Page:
Hello, blog fans!  Yes, I know it’s Thursday, not Wednesday.  The air conditioning in our administration building failed over the weekend, and we had to turn off our server because it was overheating – so no internet access for blogging yesterday!  But we’re back in business today (and at least our power is on, unlike many homes and businesses around the county). 

Just a quick post today, to get this thing out into the world.  Here are a few pages of the program for the Roadside Theatre’s 1940 production of “A Black Sheep” (in the interest of time I didn’t scan all the advertisements) – click on the images to see a larger, readable, version.  We have a number of theater programs in the library and archive collections, from well-remembered favorites (like the Olney Theatre and the Shady Grove Music Fair), current troupes, and mostly-forgotten groups like the Roadside.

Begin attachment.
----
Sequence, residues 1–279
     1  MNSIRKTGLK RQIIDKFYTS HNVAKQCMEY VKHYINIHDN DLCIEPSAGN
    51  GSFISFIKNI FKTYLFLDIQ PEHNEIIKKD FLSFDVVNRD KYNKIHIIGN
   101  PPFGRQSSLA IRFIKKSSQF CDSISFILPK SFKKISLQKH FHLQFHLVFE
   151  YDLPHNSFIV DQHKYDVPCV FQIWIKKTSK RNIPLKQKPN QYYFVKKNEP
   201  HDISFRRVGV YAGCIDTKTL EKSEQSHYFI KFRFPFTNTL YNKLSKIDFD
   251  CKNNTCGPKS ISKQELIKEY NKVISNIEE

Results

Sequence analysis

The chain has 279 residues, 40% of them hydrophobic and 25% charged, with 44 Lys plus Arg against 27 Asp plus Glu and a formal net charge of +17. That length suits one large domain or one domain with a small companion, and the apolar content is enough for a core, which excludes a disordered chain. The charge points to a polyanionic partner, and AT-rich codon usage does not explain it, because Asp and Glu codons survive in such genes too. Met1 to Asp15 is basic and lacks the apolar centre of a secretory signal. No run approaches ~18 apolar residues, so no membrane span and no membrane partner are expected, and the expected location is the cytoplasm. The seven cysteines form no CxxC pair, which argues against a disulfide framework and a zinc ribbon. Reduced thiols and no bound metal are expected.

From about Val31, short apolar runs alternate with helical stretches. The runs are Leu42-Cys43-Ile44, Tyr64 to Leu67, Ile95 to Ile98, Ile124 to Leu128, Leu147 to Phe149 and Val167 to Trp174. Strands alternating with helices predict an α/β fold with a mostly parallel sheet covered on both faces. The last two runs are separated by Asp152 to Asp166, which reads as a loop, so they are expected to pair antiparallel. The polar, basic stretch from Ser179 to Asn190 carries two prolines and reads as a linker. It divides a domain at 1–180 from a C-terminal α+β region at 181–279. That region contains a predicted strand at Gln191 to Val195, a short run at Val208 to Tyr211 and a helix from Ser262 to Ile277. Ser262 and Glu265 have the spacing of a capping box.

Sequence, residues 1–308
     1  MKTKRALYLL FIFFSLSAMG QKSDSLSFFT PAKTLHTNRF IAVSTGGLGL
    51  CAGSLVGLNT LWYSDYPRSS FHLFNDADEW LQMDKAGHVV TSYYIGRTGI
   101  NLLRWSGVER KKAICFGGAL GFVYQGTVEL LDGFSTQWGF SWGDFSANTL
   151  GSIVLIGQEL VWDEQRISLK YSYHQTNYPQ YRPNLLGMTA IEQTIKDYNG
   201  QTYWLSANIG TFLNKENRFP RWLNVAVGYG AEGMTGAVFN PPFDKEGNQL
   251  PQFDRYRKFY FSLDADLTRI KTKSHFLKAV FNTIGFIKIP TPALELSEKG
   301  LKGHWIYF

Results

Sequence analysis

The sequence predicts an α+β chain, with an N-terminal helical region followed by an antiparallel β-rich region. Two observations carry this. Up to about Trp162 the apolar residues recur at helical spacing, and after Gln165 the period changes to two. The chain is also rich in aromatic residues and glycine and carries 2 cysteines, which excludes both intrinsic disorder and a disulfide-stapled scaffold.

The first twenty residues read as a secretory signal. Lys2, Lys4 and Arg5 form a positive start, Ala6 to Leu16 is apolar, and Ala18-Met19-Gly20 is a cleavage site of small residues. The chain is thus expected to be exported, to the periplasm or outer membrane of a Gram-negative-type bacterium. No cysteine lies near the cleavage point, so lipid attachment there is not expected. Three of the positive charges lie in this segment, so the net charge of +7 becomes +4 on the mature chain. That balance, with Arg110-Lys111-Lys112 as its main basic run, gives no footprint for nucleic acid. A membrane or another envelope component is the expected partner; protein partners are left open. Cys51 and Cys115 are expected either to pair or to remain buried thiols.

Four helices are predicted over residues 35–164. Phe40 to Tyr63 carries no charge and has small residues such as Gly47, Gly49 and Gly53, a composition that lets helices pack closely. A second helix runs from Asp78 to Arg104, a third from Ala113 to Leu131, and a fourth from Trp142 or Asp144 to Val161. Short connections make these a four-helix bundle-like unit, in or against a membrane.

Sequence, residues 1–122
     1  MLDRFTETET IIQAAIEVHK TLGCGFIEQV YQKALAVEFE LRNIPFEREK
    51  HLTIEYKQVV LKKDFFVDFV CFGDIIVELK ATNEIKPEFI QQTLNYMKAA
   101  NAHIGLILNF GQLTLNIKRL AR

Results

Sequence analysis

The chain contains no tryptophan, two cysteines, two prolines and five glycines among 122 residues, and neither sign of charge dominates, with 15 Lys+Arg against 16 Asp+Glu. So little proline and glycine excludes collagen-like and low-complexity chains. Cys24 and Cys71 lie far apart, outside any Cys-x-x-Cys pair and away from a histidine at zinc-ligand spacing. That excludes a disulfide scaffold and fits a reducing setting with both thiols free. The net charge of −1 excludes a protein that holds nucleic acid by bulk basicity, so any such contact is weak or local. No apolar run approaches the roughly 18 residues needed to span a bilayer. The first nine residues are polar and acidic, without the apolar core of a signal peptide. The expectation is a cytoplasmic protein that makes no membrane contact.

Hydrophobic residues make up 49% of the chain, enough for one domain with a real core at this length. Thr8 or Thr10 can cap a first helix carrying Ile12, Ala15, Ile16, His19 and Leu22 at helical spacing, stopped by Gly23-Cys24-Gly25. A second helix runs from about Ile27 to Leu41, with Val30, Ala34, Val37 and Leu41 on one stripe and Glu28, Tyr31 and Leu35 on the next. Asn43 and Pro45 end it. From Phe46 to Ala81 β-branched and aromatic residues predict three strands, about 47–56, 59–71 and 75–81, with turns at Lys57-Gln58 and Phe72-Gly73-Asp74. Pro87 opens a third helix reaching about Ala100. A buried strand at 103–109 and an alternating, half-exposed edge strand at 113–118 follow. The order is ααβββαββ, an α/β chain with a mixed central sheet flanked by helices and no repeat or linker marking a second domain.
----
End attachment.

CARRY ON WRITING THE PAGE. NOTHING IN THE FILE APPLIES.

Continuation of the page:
Richard P. Creyke and Walter Pick founded the Roadside Theatre in 1934, in an old factory next to the railroad tracks in Halpine (near the present-day Twinbrook Metro). Whenever a train went by, the actors froze in place so the show wouldn’t be interrupted by the noise. After a few years, the theater moved to a barn further south along Rockville Pike, near Georgetown Prep. To accommodate their audience, they ran shuttle buses from downtown Washington to the theater every Monday. Despite the theater’s initial success, war-time gasoline rationing caused a sharp decrease in attendance, and Roadside closed after the 1941 season.

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